|Publication number||US5203721 A|
|Application number||US 07/939,287|
|Publication date||Apr 20, 1993|
|Filing date||Sep 1, 1992|
|Priority date||Sep 1, 1992|
|Also published as||WO1994006172A1|
|Publication number||07939287, 939287, US 5203721 A, US 5203721A, US-A-5203721, US5203721 A, US5203721A|
|Inventors||Steven K. Buck|
|Original Assignee||W. L. Gore & Associates, Inc.|
|Export Citation||BiBTeX, EndNote, RefMan|
|Patent Citations (9), Referenced by (5), Classifications (6), Legal Events (7)|
|External Links: USPTO, USPTO Assignment, Espacenet|
The invention relates to side tap connector assemblies for tapping into a coaxial electric signal cable at any point for attachment of integrated circuit chips and to processes for assembling the connector, coaxial cable, and chip.
In the provision of wiring systems carrying voice, electronic data, and/or electrical power between separate buildings, communication or data equipment and networks, or work stations within a building, it is frequently needed to splice or branch coaxial electric cables. Splicing is usually done by tapping into a coaxial cable along its length at a convenient point for branching. This can become tedious, complicated, and time consuming where the tap connectors are complicated and/or bulky and require special tools and skills for installation.
Several methods are currently used to tap a coaxial cable. One method is to cut the coaxial cable, terminate each end with a connector, and connect each connector to a tee connector. This method often gives a bulky and labor intensive connection. In a second method, the jacket, shield, and insulation are stripped from a short section of coaxial cable. The exposed center conductor is soldered to the exposed center conductor of a second coaxial cable, the shields connected by jumper wire, and the splice covered with insulation. This method is usually labor intensive, and the mechanical integrity of the coaxial cable is reduced since the braided shield, a primary strength member, has been cut.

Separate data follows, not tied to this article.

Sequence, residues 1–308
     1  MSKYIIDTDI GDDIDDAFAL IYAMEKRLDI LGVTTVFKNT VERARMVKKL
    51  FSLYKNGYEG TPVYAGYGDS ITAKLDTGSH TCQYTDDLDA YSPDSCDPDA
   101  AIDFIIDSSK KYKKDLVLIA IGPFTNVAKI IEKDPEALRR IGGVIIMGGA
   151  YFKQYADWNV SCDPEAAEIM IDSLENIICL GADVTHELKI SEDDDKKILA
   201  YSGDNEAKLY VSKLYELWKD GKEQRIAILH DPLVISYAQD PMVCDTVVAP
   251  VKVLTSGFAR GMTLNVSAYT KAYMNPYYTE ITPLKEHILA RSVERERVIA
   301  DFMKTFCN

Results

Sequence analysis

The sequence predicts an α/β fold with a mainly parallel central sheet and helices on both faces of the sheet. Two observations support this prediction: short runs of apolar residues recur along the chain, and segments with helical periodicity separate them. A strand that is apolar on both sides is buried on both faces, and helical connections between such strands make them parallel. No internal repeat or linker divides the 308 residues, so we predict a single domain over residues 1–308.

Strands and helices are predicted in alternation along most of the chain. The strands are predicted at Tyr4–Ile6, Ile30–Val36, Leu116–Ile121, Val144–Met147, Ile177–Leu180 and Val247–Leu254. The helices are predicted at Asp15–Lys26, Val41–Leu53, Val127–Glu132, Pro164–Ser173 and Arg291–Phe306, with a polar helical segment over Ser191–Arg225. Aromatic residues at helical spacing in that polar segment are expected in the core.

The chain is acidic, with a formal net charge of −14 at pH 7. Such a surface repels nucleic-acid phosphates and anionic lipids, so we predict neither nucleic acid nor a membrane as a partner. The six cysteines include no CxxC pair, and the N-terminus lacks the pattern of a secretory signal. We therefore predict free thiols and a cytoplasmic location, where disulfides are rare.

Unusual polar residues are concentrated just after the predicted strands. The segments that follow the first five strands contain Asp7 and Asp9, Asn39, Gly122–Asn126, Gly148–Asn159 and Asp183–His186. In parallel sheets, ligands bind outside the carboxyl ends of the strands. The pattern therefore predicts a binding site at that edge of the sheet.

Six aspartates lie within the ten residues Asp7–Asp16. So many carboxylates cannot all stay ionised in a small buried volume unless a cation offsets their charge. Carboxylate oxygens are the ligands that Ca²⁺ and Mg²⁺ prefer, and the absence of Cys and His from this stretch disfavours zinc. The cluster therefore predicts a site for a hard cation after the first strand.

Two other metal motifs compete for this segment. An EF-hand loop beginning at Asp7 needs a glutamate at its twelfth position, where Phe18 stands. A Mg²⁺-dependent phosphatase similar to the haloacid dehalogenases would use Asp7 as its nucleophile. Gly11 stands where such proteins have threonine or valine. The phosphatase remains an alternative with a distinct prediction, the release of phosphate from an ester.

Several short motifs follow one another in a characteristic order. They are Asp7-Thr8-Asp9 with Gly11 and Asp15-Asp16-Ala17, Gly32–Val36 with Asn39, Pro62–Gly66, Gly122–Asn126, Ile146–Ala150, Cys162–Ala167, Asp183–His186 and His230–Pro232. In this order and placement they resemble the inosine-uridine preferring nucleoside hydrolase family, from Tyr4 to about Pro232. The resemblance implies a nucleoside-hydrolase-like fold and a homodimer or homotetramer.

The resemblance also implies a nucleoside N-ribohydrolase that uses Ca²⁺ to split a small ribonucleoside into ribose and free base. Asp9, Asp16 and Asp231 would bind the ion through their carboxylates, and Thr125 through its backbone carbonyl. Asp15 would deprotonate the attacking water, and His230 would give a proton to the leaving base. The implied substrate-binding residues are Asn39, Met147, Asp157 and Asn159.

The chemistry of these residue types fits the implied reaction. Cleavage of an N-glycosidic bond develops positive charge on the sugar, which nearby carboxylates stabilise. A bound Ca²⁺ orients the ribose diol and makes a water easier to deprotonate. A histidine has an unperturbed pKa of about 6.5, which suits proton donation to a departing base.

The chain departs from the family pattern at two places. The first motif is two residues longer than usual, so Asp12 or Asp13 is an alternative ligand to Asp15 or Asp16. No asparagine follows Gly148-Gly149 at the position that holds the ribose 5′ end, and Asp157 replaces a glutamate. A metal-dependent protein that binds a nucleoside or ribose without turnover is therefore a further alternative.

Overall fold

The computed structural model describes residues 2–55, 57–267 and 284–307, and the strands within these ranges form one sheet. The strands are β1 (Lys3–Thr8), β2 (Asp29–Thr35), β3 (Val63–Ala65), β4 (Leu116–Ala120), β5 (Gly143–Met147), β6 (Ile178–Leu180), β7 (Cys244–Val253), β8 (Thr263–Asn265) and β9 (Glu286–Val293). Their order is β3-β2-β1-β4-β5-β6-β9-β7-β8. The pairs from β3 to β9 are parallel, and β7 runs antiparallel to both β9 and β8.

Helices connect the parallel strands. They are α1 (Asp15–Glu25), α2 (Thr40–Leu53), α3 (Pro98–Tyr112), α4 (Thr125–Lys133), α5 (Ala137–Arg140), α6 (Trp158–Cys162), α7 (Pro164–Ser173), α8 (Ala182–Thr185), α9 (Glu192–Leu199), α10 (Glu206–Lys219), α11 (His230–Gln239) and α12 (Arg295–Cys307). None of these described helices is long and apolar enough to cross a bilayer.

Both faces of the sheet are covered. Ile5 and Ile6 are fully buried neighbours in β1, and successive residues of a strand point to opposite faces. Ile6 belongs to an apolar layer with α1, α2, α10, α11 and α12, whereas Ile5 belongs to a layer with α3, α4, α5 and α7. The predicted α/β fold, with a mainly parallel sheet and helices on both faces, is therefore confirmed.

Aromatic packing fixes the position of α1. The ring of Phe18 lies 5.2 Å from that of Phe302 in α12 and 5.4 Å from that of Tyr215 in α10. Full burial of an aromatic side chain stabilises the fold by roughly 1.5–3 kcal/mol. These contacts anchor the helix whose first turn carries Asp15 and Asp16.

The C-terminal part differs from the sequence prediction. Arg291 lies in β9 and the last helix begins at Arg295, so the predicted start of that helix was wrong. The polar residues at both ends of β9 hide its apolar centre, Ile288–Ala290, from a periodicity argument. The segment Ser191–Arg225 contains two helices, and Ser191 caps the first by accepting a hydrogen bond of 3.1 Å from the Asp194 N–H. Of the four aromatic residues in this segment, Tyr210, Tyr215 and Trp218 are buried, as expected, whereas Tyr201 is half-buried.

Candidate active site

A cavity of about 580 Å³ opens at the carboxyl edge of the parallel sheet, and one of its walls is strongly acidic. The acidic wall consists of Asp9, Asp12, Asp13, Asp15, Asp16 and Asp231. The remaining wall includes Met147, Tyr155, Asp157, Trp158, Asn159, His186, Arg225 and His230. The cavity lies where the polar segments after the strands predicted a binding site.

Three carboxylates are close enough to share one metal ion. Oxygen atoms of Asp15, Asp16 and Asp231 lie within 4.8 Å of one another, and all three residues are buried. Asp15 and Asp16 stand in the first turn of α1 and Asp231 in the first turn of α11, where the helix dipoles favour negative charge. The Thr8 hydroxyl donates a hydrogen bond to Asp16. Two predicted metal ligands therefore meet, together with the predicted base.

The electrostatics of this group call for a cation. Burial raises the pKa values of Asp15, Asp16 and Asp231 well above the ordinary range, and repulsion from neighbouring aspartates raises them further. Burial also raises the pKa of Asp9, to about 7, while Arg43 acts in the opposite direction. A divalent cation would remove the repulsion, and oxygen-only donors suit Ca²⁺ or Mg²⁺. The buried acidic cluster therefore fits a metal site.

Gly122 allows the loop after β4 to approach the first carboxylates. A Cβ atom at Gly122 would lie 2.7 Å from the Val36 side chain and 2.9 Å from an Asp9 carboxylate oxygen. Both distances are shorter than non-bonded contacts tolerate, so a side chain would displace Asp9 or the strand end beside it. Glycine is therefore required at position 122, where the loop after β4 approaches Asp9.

A third method utilizes coaxial solder sleeves to tie in a third coaxial cable after the coaxial cable has been cut in two. Poor electrical characteristics and poor mechanical strength usually characterize the product of this method.
One may also cut and strip a coaxial cable and solder each center conductor to a pin on a small printed circuit (PC) board. The braids are soldered to pads on the board and onto a metal cover. The inside of the cover is incapsulated in insulation. The two pins protruding from the rear side of the PC board may connect to a branch coaxial cable. This product has good electrical properties, but only fair mechanical properties, and is usually a bit bulky.
A frequently used method is a saddle clamp device attached to a coaxial cable from which pointed contacts pierce the cable to contact the shield and the center conductor. Unreliable contact is often a problem with this method.
The invention comprises a coaxial cable side tap assembly and processes for its manufacture and an assembly of the cable and tap with an integrated circuit chip.
The coaxial cable comprises an electrically conductive center conductor surrounded by insulation (dielectric), which is preferably expanded polytetrafluoroethylene (ePTFE). The insulation is surrounded by a braided electrically conductive sheath and optionally a protective polymer jacket around the shield.